For decades, Bill Wurtzel worked in advertising by day and moonlighted as a guitarist in big bands. In 1989, he retired from advertising and turned to music full time. Now 73, he plays with the Harlem Blues and Jazz Band, performing at Henry’s on the Upper West Side and the American Folk Art Museum, among other places. Mr. Wurtzel is a founding director of the Jazz Foundation of America, which helps jazz and blues musicians in need. He and his wife of 49 years, Claire, live on the Upper West Side.
Getting started: I was surrounded by country music living above my parents’ saloon in Forestburgh, N.Y. When I was 9, in 1947, a cowboy entertainer taught me a couple of chords. I haven’t put the guitar down since.
Musical genes? My dad had an ear for music, and encouraged me.
Studies: I learned to play by ear, which is an advantage. Since the age of 12, I played and sang at hotels, on radio and TV shows, along with Connie Francis. At 14, my parents realized that I was serious about the guitar and hired a violin/guitar teacher. After two lessons, he said I was unteachable but hired me to accompany him on gigs. As an adult, I studied with Skeeter Best, Barry Galbraith, Remo Palmier, Howard Morgen and classical guitarist Yasha Kofman.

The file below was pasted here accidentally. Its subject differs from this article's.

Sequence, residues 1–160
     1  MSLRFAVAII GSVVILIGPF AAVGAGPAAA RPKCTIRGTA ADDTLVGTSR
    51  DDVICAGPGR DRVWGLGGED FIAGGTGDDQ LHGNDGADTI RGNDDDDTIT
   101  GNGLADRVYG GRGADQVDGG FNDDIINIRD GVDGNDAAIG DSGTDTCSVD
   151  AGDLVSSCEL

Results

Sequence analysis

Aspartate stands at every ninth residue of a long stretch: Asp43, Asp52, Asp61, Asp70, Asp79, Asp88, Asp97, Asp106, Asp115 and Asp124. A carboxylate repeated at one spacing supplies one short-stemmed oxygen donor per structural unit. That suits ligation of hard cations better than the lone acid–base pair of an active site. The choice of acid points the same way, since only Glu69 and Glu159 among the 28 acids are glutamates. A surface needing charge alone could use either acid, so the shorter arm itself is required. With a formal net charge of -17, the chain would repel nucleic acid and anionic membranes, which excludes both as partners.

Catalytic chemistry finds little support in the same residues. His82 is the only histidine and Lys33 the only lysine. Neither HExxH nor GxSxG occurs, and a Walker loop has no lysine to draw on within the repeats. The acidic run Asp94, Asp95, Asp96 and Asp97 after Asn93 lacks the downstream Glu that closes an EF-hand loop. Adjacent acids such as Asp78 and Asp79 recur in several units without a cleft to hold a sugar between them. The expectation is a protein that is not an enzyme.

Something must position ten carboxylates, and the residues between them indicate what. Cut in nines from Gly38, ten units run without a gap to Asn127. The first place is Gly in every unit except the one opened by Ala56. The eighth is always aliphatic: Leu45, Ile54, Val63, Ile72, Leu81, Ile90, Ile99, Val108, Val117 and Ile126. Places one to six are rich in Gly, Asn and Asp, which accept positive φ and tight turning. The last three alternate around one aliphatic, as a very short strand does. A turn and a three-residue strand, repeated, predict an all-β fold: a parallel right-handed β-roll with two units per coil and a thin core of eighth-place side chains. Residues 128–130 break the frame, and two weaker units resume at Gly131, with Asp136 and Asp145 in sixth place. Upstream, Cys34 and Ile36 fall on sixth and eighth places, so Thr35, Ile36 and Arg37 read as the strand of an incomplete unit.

Improvisation: I think the ability to improvise has to come naturally. There are teaching methods. But I learned on the stand, mainly with jazz legends that Phil Schaap booked at the West End Cafe.
Reading music: If I can do it, anyone can. Reading enabled me to play with precision. And it opened up the world of classical music.
Favorite appearances: Ten after-concert parties for Paul Simon with guitarist Howard Morgen. There was always an appreciative audience. Also Jack Kleinsinger’s “Highlights in Jazz” concert with Jimmy Witherspoon, David (Fathead) Newman, Harold Ashby, Arvell Shaw, Bross Townsend and Kenny Washington. And the Jazz Icons trio with Bob Cranshaw and the late Benny Powell.
Current gigs: Jazz club, concert, private affair, restaurant — as long as it’s fun.
Tastes: I love mainstream jazz and the American songbook. Albums I’ve played on range from gospel, mainstream and soul jazz to Christmas songs in Latin.
Favorite guitar: The Gibson L-4 I’ve had since 16.
Current project: My own CD is in the works.
Other interests: In addition to playing full time, I’m beginning a project for schools to help with childhood obesity. I make fun breakfasts for my wife spontaneously on weekends and have photos of over 400 of them. I plan to do a book called “Breakfast for Claire.”
Advice for beginners: Listen to the greats, follow tradition and keep learning — ideally from someone who’s paid their dues. I’m happy to share what I know with the younger generation, like my 16-year-old grandson, Ethan Glenn, who plays drums with my group.
Making a living: Players often supplement their income by teaching. But many older musicians are having a rough time. I tell kids, keep the flame alive, but find another way to pay the rent.